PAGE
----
Of, relating to, or characteristic of humans: the course of human events; the human race.

hu′man·hood′ n.
hu′man·ness n.
The American Heritage® Medical Dictionary Copyright © 2007, 2004 by Houghton Mifflin Company. Published by Houghton Mifflin Company. All rights reserved.

Patient discussion about human

Q. I am a man with breast cancer. Hello friends, you might have heard about breast cancer in women but here I am a man with breast cancer. Is Herceptin licensed to treat me?

A. Hi, what were your symptoms and when did you discover you had breast cancer?

Q. what are the basics products we as a humans, need to have in our diet?

A. A regular healthy diet should be comprised of a 40-50% carbohydrate (bread, rice, etc.), 30-40% protein (dairy, meat, chicken, fish) and 20% fat. Other important ingredients are fruit and vegetables, that contain large amounts of fibers and vitamins.

Q. Is there a difference between a man's diet and a woman's diet? let say for the point of it the weight the same and they are in the same age .

A. no one should have the same exact diet, you need to find what works for you and helps you achieve your goals.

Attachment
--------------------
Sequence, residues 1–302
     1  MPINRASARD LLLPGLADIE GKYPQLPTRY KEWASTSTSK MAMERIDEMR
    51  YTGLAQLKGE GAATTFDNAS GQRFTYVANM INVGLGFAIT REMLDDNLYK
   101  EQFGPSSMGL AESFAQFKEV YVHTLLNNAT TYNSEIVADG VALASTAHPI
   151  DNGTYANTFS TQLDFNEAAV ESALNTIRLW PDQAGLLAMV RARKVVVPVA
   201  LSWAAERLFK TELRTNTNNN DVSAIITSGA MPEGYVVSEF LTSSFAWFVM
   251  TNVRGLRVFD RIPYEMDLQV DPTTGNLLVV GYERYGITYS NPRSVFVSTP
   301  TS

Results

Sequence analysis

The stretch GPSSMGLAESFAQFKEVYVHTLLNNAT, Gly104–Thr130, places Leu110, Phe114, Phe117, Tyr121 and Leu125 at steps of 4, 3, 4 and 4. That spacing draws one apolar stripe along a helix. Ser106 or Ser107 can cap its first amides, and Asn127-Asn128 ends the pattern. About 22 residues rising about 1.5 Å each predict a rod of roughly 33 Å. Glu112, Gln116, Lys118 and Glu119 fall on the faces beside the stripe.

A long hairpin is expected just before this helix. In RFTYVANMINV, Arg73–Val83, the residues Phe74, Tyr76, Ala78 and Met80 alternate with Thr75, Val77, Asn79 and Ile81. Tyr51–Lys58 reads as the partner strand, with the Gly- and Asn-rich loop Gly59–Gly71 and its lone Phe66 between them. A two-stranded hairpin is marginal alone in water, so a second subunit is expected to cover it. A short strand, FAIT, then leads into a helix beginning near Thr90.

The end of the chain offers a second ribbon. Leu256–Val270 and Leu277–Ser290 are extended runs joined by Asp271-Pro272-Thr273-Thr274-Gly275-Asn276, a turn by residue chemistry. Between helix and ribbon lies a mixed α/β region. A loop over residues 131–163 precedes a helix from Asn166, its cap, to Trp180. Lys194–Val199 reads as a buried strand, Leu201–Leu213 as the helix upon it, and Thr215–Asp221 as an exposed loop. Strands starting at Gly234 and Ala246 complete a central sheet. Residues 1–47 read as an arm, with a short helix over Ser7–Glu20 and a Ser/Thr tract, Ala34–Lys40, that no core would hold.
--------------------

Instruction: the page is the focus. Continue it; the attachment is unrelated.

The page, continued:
the base of the diet could be the same, for example burn calories then you consume. But other wise, find what works for you.

More discussions about human
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References in periodicals archive ?
The researchers noted, however, that the differences they observed might have more to do with the functions of the Neanderthal body and "energy constraints" related to growth as opposed to differences in growth rates between (http://www.ibtimes.com/neanderthal-dna-reveals-human-evolution-timeline-through-genetic-mutations-2575910) Neanderthals and modern humans on a fundamental level.
"Our results contribute to the emerging notion that functional variation introgressed from an African hominin into modern humans and has been maintained among contemporary African populations," the study says.